The history of the drum kit is a long and involved one, but the important thing to remember is that the drum kit is quite literally just a "kit of drums". Drummers have used a wide variety of different bits n' pieces to make up their kits over the years, and some of them have become so widely used and accepted they have become a "standard piece" of the average drum kit. Although these standard pieces have often developed quite considerably from the original item, it is important to remember that what we see of a drum kit today is really a collection of separate instruments with sometimes separate histories.
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The recent trends in a drum kit's make up, and consequently some aspects of popular music, seem likely to be closely related to those in marching bands. The "kick" or bass drum, and the snare drum are obvious examples of percussion instruments which also exist in a marching band line up, and toms are not too distantly related to "tim-toms", "quads" or the tenor drums. The high-hat's connection may not be so obvious, but with a little imagination, its not too hard to see its relation to a pair of hand-held crash cymbals. One might even go as far as to correlate the increase in popularity of the "choked" stroke used with marching cymbals, with the gradual dominance of closed high-hat for time keeping over the increasingly outmoded ride cymbal.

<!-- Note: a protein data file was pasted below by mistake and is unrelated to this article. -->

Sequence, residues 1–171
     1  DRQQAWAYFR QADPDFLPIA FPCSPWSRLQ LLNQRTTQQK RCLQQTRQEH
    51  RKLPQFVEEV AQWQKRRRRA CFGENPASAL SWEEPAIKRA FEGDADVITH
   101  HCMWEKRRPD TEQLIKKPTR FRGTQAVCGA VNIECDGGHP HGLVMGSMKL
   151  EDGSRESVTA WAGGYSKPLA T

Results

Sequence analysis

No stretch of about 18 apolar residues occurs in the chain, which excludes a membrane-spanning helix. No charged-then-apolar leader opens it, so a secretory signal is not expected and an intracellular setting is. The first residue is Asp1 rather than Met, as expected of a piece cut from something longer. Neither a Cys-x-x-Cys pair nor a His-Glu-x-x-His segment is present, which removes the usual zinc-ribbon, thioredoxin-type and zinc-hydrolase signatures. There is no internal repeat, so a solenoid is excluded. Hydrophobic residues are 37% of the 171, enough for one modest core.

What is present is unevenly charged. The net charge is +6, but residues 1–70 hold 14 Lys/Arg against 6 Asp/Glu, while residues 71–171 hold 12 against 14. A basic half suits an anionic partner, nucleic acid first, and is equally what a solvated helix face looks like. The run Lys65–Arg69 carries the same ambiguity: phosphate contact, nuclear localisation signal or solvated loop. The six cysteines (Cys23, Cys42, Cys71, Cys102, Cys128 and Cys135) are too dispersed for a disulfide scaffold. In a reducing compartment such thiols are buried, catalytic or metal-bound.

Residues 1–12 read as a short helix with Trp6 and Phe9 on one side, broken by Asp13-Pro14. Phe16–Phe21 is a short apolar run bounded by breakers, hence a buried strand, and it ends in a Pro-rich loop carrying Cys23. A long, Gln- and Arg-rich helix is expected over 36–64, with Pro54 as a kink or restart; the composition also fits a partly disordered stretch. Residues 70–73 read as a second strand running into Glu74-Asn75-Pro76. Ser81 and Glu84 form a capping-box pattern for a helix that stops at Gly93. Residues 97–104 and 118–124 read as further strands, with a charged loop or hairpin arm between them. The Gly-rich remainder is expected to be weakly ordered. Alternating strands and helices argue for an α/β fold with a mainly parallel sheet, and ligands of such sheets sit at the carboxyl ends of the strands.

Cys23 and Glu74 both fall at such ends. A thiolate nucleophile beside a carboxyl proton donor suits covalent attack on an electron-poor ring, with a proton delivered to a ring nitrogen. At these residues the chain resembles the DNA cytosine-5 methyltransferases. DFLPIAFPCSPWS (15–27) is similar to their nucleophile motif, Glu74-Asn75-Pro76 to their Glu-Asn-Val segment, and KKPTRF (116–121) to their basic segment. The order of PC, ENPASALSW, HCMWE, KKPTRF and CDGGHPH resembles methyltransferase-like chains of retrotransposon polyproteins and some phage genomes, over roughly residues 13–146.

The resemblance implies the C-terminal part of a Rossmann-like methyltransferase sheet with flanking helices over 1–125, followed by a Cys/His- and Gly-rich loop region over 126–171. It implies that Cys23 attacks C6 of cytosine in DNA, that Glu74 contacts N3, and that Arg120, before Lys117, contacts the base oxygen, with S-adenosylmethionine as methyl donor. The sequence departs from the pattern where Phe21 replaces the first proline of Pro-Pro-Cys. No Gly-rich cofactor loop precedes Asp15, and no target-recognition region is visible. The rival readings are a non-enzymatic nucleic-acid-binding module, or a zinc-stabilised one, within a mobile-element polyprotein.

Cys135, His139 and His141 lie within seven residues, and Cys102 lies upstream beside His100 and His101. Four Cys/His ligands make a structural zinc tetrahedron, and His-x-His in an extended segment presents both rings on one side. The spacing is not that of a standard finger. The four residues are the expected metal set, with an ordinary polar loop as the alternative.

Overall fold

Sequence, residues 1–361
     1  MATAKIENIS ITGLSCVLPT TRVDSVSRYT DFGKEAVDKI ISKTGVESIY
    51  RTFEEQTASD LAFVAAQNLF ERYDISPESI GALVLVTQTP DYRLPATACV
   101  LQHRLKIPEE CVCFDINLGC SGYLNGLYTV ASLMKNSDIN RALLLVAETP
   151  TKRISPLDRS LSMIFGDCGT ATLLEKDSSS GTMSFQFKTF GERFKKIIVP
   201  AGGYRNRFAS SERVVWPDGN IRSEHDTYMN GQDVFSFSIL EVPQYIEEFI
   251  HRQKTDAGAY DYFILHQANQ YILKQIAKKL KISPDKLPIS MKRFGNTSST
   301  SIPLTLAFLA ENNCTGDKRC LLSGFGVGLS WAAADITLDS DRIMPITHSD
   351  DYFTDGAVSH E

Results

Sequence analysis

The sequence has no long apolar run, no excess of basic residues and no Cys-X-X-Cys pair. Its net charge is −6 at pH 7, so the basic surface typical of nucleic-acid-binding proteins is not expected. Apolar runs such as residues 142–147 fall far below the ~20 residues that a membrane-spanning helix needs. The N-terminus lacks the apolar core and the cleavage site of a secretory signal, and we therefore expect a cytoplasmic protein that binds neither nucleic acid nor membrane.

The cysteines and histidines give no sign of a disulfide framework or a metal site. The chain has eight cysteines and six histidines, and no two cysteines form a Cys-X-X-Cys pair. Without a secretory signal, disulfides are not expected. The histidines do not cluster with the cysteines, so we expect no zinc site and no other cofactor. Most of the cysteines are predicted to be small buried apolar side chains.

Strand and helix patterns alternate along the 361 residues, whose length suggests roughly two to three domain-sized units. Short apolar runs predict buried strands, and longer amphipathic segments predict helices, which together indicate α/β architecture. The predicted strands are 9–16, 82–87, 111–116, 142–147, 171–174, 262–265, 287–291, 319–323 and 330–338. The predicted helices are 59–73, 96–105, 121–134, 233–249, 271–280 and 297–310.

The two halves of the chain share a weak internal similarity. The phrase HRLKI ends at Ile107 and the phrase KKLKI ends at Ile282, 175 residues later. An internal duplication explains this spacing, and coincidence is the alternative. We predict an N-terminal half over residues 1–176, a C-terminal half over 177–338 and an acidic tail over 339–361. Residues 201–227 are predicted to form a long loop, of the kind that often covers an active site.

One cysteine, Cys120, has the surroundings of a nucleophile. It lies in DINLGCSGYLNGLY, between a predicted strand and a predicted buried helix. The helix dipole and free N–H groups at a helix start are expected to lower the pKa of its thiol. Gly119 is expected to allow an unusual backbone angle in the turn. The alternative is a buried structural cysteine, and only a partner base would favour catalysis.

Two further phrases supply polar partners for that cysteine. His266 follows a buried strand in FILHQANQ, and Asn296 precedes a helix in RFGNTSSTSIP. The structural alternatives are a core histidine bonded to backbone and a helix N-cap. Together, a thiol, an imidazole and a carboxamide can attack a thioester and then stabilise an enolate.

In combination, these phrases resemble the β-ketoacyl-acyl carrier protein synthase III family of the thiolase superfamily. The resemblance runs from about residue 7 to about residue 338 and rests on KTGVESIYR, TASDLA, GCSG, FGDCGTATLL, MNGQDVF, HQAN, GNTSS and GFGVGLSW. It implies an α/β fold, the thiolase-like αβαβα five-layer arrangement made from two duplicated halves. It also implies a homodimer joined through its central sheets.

The snare drum is probably the most important part of a drum kit, and is often nicknamed "the steering wheel", partly because of its size, shape and position, but also because of its importance as the primary control of the drum kit. There are many different types of snare drum, which are used in different circumstances, but a drum kit snare such as the one pictured here, is typically 14 inches in diameter and around 6 to 8 inches deep, with a medium to heavy batter (top) head tuned fairly tightly. All snare drums have their roots firmly tied to the military, and marching tradition even though the marching snare drum of today has progressed quite a bit from its origins.